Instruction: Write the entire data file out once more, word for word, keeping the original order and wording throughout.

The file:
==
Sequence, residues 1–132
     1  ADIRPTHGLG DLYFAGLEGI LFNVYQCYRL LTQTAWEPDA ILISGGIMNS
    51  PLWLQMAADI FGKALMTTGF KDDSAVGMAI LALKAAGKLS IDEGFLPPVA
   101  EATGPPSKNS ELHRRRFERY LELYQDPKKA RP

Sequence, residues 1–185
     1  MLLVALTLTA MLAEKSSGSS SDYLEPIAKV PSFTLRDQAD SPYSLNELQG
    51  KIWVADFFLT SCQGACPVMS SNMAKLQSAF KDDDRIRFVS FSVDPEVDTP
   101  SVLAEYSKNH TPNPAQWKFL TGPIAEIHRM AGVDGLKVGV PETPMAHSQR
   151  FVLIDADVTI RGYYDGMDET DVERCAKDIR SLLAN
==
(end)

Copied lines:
Sequence, residues 1–132
     1  ADIRPTHGLG DLYFAGLEGI LFNVYQCYRL LTQTAWEPDA ILISGGIMNS
    51  PLWLQMAADI FGKALMTTGF KDDSAVGMAI LALKAAGKLS IDEGFLPPVA
   101  EATGPPSKNS ELHRRRFERY LELYQDPKKA RP

Sequence, residues 1–185
     1  MLLVALTLTA MLAEKSSGSS SDYLEPIAKV PSFTLRDQAD SPYSLNELQG
    51  KIWVADFFLT SCQGACPVMS SNMAKLQSAF KDDDRIRFVS FSVDPEVDTP
   101  SVLAEYSKNH TPNPAQWKFL TGPIAEIHRM AGVDGLKVGV PETPMAHSQR
   151  FVLIDADVTI RGYYDGMDET DVERCAKDIR SLLAN